Process Options Comparison Chart

How does the Collaborative Process compare to other separation and divorce approaches?

Litigation/Court
Mediation
Collaborative Process
Who is in control?
Judge or Arbitrator decides the outcome based on the law and the facts. Process is determined by court rules.
The law must be followed, regardless of what the parties want. If all issues are not resolved, it will lead to more steps in the court process.
The Parties decide what is important to them and how to proceed, based on their lives and needs.
Any resulting agreement will be enforceable, but the parties take ownership in the agreement which often prevents future disagreements.
The Parties decide what is important to them and how to proceed, based on their lives and needs.
Any resulting agreement will be enforceable, but the parties take ownership in the agreement which often prevents future disagreements.
How is time managed?
Driven by the court rules, law, court schedule. Can take years to go to trial.
Settlement discussions can be bogged down by court process.
Driven by the parties needs and availability.
Driven by the parties needs and availability.
How do lawyers operate?
Adversarial, focused on trial, goal of winning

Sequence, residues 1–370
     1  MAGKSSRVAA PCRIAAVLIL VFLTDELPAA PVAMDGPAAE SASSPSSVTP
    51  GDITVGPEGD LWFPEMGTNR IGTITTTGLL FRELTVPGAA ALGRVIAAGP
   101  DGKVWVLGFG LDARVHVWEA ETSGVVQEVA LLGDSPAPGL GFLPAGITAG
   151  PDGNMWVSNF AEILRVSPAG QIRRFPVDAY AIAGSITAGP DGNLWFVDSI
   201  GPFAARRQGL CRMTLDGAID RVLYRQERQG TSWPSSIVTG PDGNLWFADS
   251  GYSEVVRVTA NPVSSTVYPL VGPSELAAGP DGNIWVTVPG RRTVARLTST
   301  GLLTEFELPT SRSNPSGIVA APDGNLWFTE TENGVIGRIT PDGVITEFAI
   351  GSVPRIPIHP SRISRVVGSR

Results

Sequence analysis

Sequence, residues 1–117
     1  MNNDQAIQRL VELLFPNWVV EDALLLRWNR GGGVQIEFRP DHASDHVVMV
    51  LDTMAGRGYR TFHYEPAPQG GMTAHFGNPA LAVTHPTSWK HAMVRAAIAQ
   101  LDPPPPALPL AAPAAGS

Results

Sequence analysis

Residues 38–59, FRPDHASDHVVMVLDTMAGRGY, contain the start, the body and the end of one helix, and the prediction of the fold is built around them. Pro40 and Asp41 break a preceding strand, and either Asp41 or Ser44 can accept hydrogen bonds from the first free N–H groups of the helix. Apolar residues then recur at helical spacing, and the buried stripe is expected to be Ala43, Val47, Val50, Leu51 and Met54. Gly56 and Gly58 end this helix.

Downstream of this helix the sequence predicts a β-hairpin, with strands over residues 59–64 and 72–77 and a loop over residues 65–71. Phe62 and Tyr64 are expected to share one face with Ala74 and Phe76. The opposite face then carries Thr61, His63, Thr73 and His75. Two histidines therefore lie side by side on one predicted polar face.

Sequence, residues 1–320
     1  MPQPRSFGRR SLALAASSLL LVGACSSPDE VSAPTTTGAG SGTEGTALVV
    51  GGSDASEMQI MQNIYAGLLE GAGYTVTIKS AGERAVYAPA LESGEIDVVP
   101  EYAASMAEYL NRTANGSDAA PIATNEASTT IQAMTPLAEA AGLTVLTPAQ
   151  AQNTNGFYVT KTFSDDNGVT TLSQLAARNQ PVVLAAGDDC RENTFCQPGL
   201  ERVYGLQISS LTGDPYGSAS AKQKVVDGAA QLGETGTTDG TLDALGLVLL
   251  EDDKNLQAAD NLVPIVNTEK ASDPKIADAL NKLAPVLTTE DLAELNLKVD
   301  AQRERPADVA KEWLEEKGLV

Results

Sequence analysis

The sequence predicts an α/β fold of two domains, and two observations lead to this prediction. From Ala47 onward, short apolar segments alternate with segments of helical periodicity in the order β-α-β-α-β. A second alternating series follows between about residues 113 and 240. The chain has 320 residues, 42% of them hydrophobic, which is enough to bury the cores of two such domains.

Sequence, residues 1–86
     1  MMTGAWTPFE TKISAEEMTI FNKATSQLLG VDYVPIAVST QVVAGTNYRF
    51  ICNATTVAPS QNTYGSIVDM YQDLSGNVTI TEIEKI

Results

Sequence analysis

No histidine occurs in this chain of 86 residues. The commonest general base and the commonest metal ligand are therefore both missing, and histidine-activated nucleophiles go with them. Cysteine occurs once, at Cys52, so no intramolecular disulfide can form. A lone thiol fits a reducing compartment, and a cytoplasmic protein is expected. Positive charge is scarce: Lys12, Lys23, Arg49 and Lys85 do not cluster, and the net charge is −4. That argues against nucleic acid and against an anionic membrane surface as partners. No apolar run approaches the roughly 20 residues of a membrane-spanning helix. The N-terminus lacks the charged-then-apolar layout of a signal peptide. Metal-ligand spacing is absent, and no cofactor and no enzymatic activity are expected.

Sometimes adversarial, sometimes focused on reaching resolution
Only focus is to help the parties reach an agreement which meets their needs and can last
How are experts involved?
Experts are retained and paid for by each party. Experts are focused on presenting the case of the party who hired them
Can be like the court process or like the Collaborative Process.
Any expert is hired by both parties jointly to help the parties arrive at an agreement.  Often, the parties agree to split the cost.
What impacts costs?
Can quickly rise and result in depletion of assets or accrual of debt
Can be managed as the parties maintain control over the process. Often costs less than litigation.
Can be managed as the parties maintain control over the process. Often costs less than litigation.
How do the parties communicate?
Often communication between parties stops or becomes hostile.  Often neither party feels “heard” by the other or the judge.
Parties must communicate. Although parties may have a hard time communicating, the process can help them learn to communicate in a healthier and more productive manner.
Parties must communicate, and lawyers can assist. Although parties may have a hard time communicating, the process can help them learn to communicate in a healthier and more productive manner.
Is there a threat of Litigation?
Constant as the process has already begun. Filing additional court motions keeps the matter before the court.
Either party can stop mediation at any time. Either party can use litigation to resolve the dispute.
Parties and lawyers sign an agreement requiring them to retain new lawyers if they want to quit the process and go to court. Parties and lawyers are invested in the process and the threat of litigation is removed, paving the way for a mutual resolution.